Advanced Economies Strengthening, Emerging Market Economies Weakening


WEOBy Olivier Blanchard

(Versions in عربي, 中文Français日本語, Русский, and Español)

The issue probably foremost on everyone’s mind, is the fiscal situation in the United States, and its potential implications.

While the focus is on the shutdown and the debt ceiling,  we should not forget the sequester, which is leading to a fiscal consolidation this year which is both too large and too arbitrary. The shutdown is yet another bad outcome, although one which, if it does not last very long, has limited economic consequences.  

Failure to lift the debt ceiling would, however, be a game changer.  Prolonged failure would lead to an extreme fiscal consolidation, and surely derail the U.S. recovery. But the effects of any failure to repay the debt would be felt right away, leading to potentially major disruptions in financial markets, both in the U.S. and abroad.   We see this as a tail risk, with low probability, but, were it to happen, it would have major consequences.

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Taming government debt—it can be done, but it ain’t easy


By Helge Berger and  Justin Tyson

Sooner or later, and one way or the other, government debt in advanced economies will have to come down from the record levels reached in the wake of the global economic and euro area crises. Figure 1.Dev in Gross Debt and Structural Balance in Adv Economies There is no magic number for how much sovereign debt an economy can shoulder. And, as bringing down debt by cutting government spending or raising taxes comes at the risk of reducing growth and employment in the short term, there are arguments to not proceed too hastily. But eventually debt will have to be put back on a downward path in many countries. This will help rebuild fiscal buffers and cope with the costs of aging. So, what should governments do?

Our new analysis takes a closer look at the historical record and key trade-offs.  The bottom line: it is possible to reduce debt when growth is low. Ultimately perseverance should pay off.

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The Evolving Role of the Banking Systems in Central, Eastern and Southeastern Europe


moghadamBy Reza Moghadam

What has been the role of foreign banks in financing growth and convergence in Central, Eastern and Southeastern Europe, and how is that role changing? This is discussed in the first issue of a new series of analytical work on the region called Regional Economic Issues, which we launched at a joint IMF/Czech National Bank conference two weeks ago in Prague.

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The World’s Three-Speed Economic Recovery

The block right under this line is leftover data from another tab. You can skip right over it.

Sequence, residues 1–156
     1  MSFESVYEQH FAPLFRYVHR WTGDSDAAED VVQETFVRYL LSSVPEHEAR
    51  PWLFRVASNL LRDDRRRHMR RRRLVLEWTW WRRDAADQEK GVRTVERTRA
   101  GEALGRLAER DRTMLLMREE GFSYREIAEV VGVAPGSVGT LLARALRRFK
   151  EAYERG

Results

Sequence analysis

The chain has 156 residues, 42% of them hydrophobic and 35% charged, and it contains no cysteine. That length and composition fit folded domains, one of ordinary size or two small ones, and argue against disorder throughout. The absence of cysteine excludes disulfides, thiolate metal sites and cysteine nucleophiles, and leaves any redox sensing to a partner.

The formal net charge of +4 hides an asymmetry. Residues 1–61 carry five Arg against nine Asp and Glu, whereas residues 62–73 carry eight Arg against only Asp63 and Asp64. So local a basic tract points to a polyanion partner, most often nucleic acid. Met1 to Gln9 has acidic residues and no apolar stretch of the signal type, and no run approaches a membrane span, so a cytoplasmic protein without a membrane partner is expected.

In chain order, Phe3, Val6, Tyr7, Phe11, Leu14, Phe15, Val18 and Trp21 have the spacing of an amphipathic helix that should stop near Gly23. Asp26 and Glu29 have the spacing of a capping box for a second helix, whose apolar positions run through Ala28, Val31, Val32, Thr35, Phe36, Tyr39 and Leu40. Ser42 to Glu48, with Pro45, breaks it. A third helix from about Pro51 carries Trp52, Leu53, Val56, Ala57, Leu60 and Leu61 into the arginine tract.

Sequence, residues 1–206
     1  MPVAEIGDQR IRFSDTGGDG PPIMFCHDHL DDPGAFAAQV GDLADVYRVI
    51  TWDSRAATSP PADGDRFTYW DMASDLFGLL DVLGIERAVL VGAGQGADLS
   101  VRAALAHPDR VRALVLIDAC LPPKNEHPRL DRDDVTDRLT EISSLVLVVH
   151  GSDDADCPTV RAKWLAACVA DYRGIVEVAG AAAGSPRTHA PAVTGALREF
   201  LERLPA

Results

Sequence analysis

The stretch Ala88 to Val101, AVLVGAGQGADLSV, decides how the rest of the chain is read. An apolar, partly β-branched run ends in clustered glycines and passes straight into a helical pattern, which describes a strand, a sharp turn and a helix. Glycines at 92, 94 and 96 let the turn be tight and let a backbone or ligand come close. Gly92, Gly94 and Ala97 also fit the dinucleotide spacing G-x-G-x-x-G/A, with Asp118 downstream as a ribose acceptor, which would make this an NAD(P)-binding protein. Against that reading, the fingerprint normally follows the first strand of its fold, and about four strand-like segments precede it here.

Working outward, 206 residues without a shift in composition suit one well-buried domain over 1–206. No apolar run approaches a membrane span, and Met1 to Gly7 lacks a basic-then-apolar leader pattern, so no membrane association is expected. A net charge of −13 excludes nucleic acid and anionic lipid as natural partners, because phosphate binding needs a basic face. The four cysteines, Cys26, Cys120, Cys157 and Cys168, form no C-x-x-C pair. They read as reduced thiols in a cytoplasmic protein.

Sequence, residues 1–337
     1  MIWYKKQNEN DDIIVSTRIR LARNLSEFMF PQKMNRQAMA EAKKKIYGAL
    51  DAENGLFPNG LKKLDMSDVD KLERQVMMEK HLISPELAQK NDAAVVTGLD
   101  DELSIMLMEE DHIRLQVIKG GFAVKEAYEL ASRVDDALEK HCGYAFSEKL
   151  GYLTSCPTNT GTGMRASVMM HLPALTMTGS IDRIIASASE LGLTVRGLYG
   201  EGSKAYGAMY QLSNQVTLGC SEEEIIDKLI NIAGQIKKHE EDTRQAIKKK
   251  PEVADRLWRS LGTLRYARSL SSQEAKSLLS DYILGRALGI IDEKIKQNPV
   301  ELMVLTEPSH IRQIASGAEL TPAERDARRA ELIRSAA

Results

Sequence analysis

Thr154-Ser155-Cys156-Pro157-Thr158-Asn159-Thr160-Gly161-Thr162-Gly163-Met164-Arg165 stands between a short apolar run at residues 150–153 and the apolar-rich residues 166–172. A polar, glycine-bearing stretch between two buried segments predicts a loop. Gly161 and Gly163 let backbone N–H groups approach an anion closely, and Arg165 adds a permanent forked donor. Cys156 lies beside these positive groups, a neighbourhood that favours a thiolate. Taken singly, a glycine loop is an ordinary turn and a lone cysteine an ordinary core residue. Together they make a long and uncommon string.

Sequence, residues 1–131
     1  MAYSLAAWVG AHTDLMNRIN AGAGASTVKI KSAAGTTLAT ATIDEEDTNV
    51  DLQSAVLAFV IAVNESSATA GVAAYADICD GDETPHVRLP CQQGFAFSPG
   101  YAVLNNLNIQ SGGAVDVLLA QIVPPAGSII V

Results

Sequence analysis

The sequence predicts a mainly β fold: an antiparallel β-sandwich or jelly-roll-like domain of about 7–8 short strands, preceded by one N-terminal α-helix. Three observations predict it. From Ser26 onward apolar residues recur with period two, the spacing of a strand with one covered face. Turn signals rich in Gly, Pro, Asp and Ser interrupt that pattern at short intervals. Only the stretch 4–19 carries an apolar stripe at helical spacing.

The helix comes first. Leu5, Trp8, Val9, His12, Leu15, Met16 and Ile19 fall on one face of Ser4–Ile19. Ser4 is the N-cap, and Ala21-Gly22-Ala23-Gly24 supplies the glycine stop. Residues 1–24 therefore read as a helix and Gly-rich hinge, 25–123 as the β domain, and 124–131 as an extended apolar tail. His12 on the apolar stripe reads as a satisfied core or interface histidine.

WEOBy Olivier Blanchard

(Versions in عربي , 中文, 日本語, Русский, and Español)

The main theme of our latest outlook is one that you have now heard for a few days: we have moved from a two-speed recovery to a three-speed recovery.

Emerging market and developing economies are still going strong, but in advanced economies, there appears to be a growing bifurcation between the United States on the one hand, and the Euro area on the other.

This is reflected in our forecasts. Growth in emerging market and developing economies is forecast to reach 5.3% in 2013, and 5.7% in 2014. Growth in the United States is forecast to be 1.9% in 2013, and 3.0% in 2014. In contrast, growth in the Euro area is forecast to be -0.3% in 2013, and only 1.1% in 2014.

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A Missing Piece In Europe’s Growth Puzzle


moghadamsmallBy Reza Moghadam

Even before the latest euro area GDP numbers and Italian elections cast a shadow over the continent, economists were struggling to reconcile the steady improvement in market sentiment with the more downbeat data on the economy, production, orders, and jobs.

This video looks at this puzzle from a somewhat different perspective than the usual—and still correct—narrative of weak banks and over-indebted public sectors caught in a vicious cycle. More specifically, we examine the role of household and corporate balance sheets in the countries under financial market stress and the implications for policy priorities.

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Europe: Toward A More Perfect Union


Nemat Shafik 4

By Nemat Shafik

During the years that followed the euro’s introduction, financial integration proceeded rapidly and markets and governments hailed it as a sign of success. The widespread belief was that it would benefit both south and north—capital was finally able to flow to where it would best be used and foster real convergence.

But in fact, a lasting convergence in productivity did not materialize across the European Union. Instead, a competitiveness divide emerged. As the financial crisis gripped the euro area in 2010, these and other problems came to the fore.

Three years later, the financial symptoms of the crisis are thankfully receding with a new sense of optimism in markets. But the underlying problems—lack of convergence of productivity and the structural flaws in the architecture of the monetary union—have only been partially addressed.

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We May Have Avoided the Cliffs, But We Still Face High Mountains


WEO

by Olivier Blanchard

Version in Español  and عربي

Optimism is in the air, particularly in financial markets. And some cautious optimism may indeed be justified.

Compared to where we were at the same time last year, acute risks have decreased. The United States has avoided the fiscal cliff, and the euro explosion in Europe did not occur. And uncertainty is lower.

But we should be under no illusion. There remain considerable challenges ahead. And the recovery continues to be slow, indeed much too slow.

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